Additional evidence that hCHK1 plays a role in the human DNA damage checkpoint is that the CHK1 inhibitors UCN01 and SB-218078 abrogate the DNA-damage-induced G2 arrest in human cell lines (Busby et al., 2000; Graves et al., 2000; Jackson et al., 2000). It should be noted, however, that both inhibitors are structurally related to staurosporine, a competitive inhibitor of ATP binding, and may well inhibit other kinases (Jackson et al., 2000). Specifically, UCN01 also inhibits C-TAK1, a kinase that can phosphorylate CDC25C on Ser216 (Busby et al., 2000). Since C-TAK1 has been proposed to be a major CDC25C-inhibitory kinase, it is conceivable that a C-TAK1 inhibitor could activate CDC25C and override the checkpoint (Ogg et al., 1994; Peng et al., 1998). Curiously, neither UCN01 nor SB-218078 causes cell lethality, despite the fact that they are both strong inhibitors of CHK1. These observations raise the possibility that CHK1 is essential for embryonic cell growth but not for somatic cell viability.
The role of Chk1 in the replication checkpoint in metazoans is supported by studies in frogs and flies. In a Xenopus cell-free egg extract system, XChk1 is phosphorylated in response to a replication block but not DNA damage (Kumagai et al., 1998). Furthermore, depletion of XChk1 reduces the mitotic delay in response to unreplicated DNA but not DNA damage. Cdc25 is thought to be at least one of the targets of XChk1 in response to unreplicated DNA. In vitro, XChk1 phosphorylates Cdc25 on several sites, including Ser287, a 14-3-3 binding site thought to be analogous to Ser216 of human CDC25C (Kumagai et al., 1998). But, again, there are other Ser287 kinases in Xenopus. And, whereas Cdc25-S287A does impair the DNA damage and replication checkpoints in the egg extract system, it also advances mitosis in untreated extracts and thereby may override other modes of checkpoint control (Kumagai et al., 1998).
Studies in flies tell a similar story. MEI-41 and Grapes (GRP), the ATM/ATR and Chk1 homologs in flies, are required for the replication-block-induced delay of mitosis in embryonic cells (Hari et al., 1995; Fogarty et al., 1997; Sibon et al., 1997; Sibon et al., 1999). In the absence of either protein, embryos fail to maintain String, a Cdc25 homolog, or tyrosine phosphorylation of Cdc2, although it has yet to be determined whether these changes are the cause or the effect of the failure of the checkpoint (Sibon et al., 1999). As in mice, both GRP and MEI-41 are required for viability (Hari et al., 1995; Fogarty et al., 1997). However, the requirement is limited to early embryogenesis and does not appear to affect the function of somatic cells, providing a precedent for the suggestion that CHK1 may be required for embryonic, but not somatic, cell growth in mammals. Nevertheless, the fly studies provide strong in vivo evidence that, in metazoans, Chk1 can function in the replication checkpoint and suggest that it may target Cdc25. GRP is also required for the regulation of the abundance of cyclin A (Su et al., 1999). However, flies lacking the homolog of Wee1 appear to have phenotypes similar to those lacking GRP, which suggests that a major role of GRP is to regulate the tyrosine phosphorylation of CDC2 (Price et al., 2000). The requirement for GRP in the DNA damage checkpoint has not been directly addressed.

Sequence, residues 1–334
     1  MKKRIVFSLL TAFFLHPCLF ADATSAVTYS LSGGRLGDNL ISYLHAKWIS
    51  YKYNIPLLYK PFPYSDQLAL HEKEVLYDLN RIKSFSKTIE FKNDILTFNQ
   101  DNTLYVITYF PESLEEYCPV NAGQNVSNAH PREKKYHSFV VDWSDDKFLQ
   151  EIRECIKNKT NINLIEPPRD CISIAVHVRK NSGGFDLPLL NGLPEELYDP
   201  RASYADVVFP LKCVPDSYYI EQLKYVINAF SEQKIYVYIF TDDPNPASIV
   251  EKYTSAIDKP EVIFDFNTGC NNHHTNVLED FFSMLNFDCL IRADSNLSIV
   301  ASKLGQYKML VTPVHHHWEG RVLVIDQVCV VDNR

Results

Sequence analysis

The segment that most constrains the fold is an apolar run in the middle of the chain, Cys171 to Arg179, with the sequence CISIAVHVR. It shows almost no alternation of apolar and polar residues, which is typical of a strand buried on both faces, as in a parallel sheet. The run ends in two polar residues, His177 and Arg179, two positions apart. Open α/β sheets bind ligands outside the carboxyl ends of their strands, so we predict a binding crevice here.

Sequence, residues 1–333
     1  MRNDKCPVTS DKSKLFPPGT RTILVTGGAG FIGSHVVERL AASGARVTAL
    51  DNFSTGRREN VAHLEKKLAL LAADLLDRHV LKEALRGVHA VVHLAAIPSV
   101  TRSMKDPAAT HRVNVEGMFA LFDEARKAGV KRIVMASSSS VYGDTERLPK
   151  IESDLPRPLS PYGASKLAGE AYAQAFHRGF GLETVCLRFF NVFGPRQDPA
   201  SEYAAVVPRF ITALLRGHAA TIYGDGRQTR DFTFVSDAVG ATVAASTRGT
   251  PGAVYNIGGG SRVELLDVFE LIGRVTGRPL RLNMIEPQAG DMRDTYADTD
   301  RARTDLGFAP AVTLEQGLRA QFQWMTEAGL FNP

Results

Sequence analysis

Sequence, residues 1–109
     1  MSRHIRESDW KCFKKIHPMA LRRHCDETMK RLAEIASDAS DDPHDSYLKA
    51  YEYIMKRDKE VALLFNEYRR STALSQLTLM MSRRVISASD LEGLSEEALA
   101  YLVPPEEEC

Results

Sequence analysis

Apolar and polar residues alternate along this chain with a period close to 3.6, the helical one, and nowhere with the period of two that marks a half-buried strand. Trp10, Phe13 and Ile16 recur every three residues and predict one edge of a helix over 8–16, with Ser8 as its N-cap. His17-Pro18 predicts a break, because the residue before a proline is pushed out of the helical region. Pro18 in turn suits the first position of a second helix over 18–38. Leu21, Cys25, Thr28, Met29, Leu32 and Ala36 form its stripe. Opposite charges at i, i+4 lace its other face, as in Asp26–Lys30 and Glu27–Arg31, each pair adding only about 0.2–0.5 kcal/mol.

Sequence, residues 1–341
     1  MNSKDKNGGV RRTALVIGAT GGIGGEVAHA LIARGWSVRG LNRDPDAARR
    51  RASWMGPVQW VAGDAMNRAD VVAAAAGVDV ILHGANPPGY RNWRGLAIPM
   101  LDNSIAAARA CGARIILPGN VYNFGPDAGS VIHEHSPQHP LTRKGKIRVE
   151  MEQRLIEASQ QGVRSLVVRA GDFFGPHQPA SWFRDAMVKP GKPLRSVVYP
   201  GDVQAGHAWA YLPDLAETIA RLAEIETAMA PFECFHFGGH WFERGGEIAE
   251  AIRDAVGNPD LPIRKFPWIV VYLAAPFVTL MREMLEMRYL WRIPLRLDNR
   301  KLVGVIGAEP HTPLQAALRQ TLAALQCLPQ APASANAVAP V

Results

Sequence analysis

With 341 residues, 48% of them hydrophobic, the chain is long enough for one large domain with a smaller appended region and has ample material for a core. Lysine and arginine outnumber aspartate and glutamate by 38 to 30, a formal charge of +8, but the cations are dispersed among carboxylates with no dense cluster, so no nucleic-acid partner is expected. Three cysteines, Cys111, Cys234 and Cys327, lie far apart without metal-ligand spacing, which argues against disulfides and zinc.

A strong case can be made for the involvement of hCDS1 in the human DNA damage checkpoint. Like hCHK1, hCDS1 can phosphorylate CDC25C on Ser216 and other sites, and this phosphorylation leads to the inhibition of CDC25 in vitro (Matsuoka et al., 1998; Blasina et al., 1999; Brown et al., 1999; Chaturvedi et al., 1999). Likewise hCDS1 can phosphorylate p53 on Ser20 (Chehab et al., 2000; Hirao et al., 2000; Shieh et al., 2000). hCDS1 is also phosphorylated and activated in response to DNA damage and replication arrest (Matsuoka et al., 1998; Brown et al., 1999; Chaturvedi et al., 1999; Tominaga et al., 1999). This regulation requires ATM in the case of gamma-radiation-induced DNA damage but not in the case of UV-radiation-induced DNA damage or replication arrest. Mouse thymocytes lacking CHK2, the mouse homolog of CDS1, fail to upregulate p53 in response to gamma radiation but not UV radiation (Hirao et al., 2000). Moreover, mutations in hCDS1 have been associated with Li-Fraumeni syndrome, a syndrome usually caused by mutations in the gene encoding p53 (Bell et al., 1999). Taken together, these result show that in mammals, CDS1 is required for the p53-dependent G1 DNA damage response and suggest that ATM acts through CDS1, instead of directly regulating p53.
Although CDS1 seems to play an important role in the DNA damage checkpoint pathway in humans, two results suggest that hCDS1 is not required for the regulation of G2-M transition. First, UCN01, which strongly inhibits the G2 DNA damage checkpoint response, does not inhibit hCDS1 (Busby et al., 2000; Graves et al., 2000). Second, mouse embryonic stem cells lacking the mouse homolog of CDS1 arrest properly in response in G2 to DNA damage, although they leak through the arrest at later timepoints (Hirao et al., 2000). Similarly, although Xcds1 is activated by DNA ends in a cell-free Xenopus egg extract, Xcds1 is not required for the delay of mitosis induced by DNA ends in that system (Guo and Dunphy, 2000).